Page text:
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Is there an adjective in English to describe grown-up children? In context, I was writing about family dynamics and the "parental duty of care" towards children, but got stuck on a word describing any duty of care of adult children towards their (elderly) parents.

Example sentence:

The mother and father have a parental duty of care, especially in their offspring's younger years. In return the children have a {adjective for adult children} duty of care to their elderly parents in later years.

Obviously candidates like "infantile" or "juvenile" don't work as they exclude adult children.

Thanks for any suggestions.

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    In general I'd advise against accepting an answer straight away. Fewer people tend to visit answered questions, so you may get other, better, answers if you leave it a day or two. – AndyT May 12 '17 at 10:47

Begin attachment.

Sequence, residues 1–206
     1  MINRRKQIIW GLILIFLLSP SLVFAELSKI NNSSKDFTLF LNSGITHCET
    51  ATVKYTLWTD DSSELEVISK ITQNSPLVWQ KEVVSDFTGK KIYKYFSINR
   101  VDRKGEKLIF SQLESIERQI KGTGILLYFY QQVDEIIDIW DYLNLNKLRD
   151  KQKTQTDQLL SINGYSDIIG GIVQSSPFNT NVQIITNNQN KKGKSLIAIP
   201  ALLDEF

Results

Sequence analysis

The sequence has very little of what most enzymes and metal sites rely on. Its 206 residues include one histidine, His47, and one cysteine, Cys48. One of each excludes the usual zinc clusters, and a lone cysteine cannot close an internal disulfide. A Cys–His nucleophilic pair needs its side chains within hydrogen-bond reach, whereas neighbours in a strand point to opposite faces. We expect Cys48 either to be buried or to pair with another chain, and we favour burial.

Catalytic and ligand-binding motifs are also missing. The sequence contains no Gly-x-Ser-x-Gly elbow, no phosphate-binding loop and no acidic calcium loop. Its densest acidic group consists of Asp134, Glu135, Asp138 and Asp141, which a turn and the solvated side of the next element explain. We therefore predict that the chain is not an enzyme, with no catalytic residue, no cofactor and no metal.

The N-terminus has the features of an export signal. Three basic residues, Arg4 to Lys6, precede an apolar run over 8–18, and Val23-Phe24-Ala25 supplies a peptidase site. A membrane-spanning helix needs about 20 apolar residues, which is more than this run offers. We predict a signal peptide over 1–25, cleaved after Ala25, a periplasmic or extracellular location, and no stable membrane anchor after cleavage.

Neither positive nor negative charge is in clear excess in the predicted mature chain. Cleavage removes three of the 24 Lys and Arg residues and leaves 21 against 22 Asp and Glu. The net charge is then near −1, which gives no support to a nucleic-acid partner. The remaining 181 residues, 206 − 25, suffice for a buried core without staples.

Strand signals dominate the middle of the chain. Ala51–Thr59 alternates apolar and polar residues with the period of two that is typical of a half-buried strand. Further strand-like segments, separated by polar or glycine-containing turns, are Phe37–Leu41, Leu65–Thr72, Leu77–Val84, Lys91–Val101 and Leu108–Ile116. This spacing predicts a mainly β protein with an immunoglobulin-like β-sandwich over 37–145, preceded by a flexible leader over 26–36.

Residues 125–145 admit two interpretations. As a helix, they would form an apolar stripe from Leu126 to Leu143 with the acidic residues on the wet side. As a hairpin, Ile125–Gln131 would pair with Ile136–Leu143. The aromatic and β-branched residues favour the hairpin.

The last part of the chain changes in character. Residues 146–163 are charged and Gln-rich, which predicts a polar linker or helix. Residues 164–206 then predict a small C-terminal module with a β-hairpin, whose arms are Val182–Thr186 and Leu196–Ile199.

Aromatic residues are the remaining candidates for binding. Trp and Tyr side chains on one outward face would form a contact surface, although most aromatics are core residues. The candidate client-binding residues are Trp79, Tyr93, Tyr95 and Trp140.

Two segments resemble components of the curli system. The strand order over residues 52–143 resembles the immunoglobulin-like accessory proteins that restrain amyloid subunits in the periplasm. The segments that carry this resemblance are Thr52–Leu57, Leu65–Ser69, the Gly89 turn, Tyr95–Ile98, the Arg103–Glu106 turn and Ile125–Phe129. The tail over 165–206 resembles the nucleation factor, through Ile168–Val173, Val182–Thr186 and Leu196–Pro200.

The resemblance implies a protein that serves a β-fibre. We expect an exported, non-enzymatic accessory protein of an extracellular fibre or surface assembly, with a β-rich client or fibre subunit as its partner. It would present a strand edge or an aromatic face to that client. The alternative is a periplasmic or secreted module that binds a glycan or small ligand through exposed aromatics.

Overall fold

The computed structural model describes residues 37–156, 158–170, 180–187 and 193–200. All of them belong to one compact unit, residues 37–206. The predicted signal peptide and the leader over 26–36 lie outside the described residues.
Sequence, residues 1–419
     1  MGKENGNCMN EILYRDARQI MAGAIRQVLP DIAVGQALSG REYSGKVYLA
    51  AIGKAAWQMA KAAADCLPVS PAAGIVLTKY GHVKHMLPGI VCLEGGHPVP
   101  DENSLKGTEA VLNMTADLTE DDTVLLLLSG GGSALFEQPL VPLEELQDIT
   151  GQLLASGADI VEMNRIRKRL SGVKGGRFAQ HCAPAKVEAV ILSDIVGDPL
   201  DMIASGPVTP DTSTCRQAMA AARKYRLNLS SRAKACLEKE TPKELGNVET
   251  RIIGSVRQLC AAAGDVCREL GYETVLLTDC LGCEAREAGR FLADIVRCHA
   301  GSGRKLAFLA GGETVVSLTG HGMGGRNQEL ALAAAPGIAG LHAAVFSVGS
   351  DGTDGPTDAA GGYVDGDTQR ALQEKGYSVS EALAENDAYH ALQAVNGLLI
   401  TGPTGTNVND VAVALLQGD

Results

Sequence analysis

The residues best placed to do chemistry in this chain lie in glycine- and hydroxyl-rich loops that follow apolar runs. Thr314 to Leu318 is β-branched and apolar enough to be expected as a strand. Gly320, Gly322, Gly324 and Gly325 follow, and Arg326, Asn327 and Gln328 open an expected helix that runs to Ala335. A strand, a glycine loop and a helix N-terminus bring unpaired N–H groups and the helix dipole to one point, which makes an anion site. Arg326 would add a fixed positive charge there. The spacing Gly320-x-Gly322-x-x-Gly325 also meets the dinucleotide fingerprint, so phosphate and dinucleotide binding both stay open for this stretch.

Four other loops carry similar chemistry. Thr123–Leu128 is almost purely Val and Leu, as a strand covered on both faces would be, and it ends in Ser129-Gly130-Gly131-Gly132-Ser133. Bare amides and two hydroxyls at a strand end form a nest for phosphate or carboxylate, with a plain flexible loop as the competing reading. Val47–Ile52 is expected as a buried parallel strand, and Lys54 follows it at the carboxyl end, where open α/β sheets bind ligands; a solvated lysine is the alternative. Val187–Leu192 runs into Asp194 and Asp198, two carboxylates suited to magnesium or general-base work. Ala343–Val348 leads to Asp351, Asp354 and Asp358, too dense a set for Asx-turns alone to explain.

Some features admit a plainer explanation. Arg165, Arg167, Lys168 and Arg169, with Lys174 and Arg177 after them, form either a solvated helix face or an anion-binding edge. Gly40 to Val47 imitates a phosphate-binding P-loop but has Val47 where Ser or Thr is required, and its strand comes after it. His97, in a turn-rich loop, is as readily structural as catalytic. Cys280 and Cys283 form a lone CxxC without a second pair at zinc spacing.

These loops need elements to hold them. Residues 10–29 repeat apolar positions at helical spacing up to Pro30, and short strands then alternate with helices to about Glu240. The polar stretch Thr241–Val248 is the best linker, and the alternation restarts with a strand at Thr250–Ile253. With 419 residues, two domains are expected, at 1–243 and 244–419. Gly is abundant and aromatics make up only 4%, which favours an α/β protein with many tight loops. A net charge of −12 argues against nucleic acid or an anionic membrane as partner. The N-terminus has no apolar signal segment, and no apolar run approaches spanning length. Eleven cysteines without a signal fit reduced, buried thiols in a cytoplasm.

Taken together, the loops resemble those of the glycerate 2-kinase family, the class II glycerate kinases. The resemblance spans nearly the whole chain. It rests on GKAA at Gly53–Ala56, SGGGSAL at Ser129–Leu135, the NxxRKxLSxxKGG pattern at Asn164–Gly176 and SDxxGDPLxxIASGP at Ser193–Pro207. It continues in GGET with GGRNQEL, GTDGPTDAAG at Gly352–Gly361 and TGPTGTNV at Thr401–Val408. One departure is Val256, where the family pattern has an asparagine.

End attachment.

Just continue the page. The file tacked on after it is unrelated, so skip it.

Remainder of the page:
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You might consider the word filial:

of, relating to, or befitting a son or daughter: filial obedience

dictionary.com

This word doesn't connotate adult children as such, but unlike your rejected words of "infantile" and "juvenile" it doesn't connotate under-18s.

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If you are looking for a more formal word, you can use issue

children of one's own. "he died without male issue"

Usually this is used in formal settings, such as legal or historical documents.

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